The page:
As a home buyer in Michigan you probably have a lot of questions as to what to expect. Whether you’re shopping for the first time, or have purchased in the past, as frequently as everything changes it can be hard to navigate the waters. But that’s what I’m here for! Let’s go over some of the basic frequently asked questions from our Mortgage Monday series on Facebook.
HOW DO I KNOW IF I’M READY FOR A MORTGAGE PAYMENT?
This one is easy, if you qualify, buy! Rental rates are often as much as double what a mortgage on the same home would cost. And with a mortgage, you OWN the property, with a rental, you have to give it back no matter how much money you’ve sunken into it.
Here are some signs that it’s time to buy:
• You plan to live in the area for 2 years or more
• You want the ability to customize your own home
• You want to save money with tax deductions
• You want to build equity
• You have money saved up and a steady income
”How do I know what I can afford?”
Great question! The first step to purchasing a home is determining how much you can afford and getting a pre-approval letter from a lender.
The rule of thumb is that you can afford to spend 2.5 times your annual salary on a home, but that doesn’t take into account your existing debt and your lifestyle.
It’s best to talk to a mortgage lender to find out what you qualify for and get your pre-approval letter.
I’d be happy to send you my recommended lenders, shoot me a message or download my free home buyers guide at mbre.info/buyerguide
What information does a lender need from you in order for you to get a loan?
Here’s your checklist:
✓ Proof of ID
✓ Proof of address
✓ Pay stubs
✓ W-2s and 1099s
✓ Bank statements
”Can I qualify for a mortgage if I’m self-employed?”
Getting a mortgage can be a bit more challenging when you are self-employed, but it is still possible.
To prove your income and self-employment when you apply for a mortgage, you will most likely need:
• The last two years of tax returns for you and your business
• Year-to-date profit and loss statement
• Current balance sheet
• Letter from your accountant stating that you are still in business
• Your bank statements
If you’re self-employed and thinking about buying, I’d love to walk you through the process and introduce you to a great lender!
But what if a lender says you don’t qualify?
1. Find out why you were denied. Your loan officer should give you a definite answer as to why your application was turned down. Having this info will help you know what you need to do for next time.
2. Check your credit report. Pull your free credit report and make sure there aren’t any errors.
3. Pay down your debt. Most lenders want to see a debt-to-income of less than 43 percent. Do what you can to come in under that number by paying off credit cards, student loans, and car payments.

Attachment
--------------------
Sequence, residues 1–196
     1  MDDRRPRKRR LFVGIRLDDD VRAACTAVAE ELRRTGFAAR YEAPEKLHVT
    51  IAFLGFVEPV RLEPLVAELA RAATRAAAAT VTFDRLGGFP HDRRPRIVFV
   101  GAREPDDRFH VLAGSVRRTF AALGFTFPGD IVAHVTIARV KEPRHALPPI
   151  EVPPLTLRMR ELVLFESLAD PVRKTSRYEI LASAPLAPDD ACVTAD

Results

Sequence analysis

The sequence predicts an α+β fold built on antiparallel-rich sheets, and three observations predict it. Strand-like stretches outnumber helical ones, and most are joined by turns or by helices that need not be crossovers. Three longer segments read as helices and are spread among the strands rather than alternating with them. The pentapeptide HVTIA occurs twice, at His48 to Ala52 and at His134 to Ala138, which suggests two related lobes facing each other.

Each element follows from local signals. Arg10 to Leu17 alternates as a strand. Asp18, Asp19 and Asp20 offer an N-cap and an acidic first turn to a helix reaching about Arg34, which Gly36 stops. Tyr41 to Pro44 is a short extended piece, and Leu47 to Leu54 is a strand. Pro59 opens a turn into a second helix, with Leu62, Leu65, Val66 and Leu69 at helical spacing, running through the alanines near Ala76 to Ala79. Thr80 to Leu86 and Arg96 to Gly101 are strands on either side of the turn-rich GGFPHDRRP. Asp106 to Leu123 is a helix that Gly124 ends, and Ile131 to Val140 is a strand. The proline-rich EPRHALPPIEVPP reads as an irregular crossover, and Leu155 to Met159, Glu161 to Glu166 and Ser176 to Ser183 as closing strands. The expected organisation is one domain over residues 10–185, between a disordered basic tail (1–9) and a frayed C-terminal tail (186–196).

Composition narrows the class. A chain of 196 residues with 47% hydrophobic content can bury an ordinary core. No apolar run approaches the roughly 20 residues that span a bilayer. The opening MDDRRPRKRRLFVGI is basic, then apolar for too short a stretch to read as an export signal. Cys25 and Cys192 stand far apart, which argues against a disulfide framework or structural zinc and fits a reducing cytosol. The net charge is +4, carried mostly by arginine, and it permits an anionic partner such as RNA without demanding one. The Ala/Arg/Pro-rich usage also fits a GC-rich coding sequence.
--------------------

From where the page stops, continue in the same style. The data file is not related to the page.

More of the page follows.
4. Shop around. If you were denied a conventional loan, talk with your realtor or mortgage advisor about other loan products that may work with your financial profile. Don’t be afraid to speak with multiple lenders. I always suggest consulting a credit union, your regular bank, and a mortgage company.
Here’s a crash course:
Definition: A conventional loan is a loan not insured by the government. This means there’s no guarantee for the lender if you fail to repay.
Down payment: Because it’s not insured, a conventional loan requires a 20% down payment.
Special considerations: Can’t do 20%? Then you’ll need to have private mortgage insurance (PMI). PMI picks up the tab for your lender if you happen to default on the home.
Definition: A FHA loan is a loan insured by the Federal Housing Administration (FHA).
Down payment: Because it’s insured, a lender can offer a downpayment as low as 3.5% of the purchase price.
Special considerations: You’ll need a credit score of at least 580 with 3.5% down, and 500 with 10% down.
Definition: A VA loan is a loan guaranteed by the Veterans Administration (VA). It is only available to current members of the U.S. armed forces, veterans, national guard or reserves, and surviving spouses.
Down payment: There is no minimum down payment or PMI required for buyers purchasing a primary residence.
Special considerations: Borrowers do pay an initial funding fee — a one-time charge between 1.25% and 3.3% of the loan amount.
You’ve watched enough HGTV and tackled enough small projects to now want a fixer-upper all your own.
So what about financing? How do you secure a mortgage that allows you to purchase a property and gives you the cash you need to transform your newly-acquired diamond in the rough?
Enter a home renovation loan.
• A home renovation loan is a type of mortgage loan that includes the costs of renovating a %22fixer-upper.%22
• In most cases, an appraisal for a home renovation loan includes up to 110% of the home’s after-improved value.
• Use the money from a home renovation loan to make repairs, add square footage, or upgrade the kitchen and bathrooms.
• You’ll want to get detailed estimates and avoid over-improving your new home. Talk with an experienced real estate agent who knows your neighborhood and can help you avoid both pitfalls.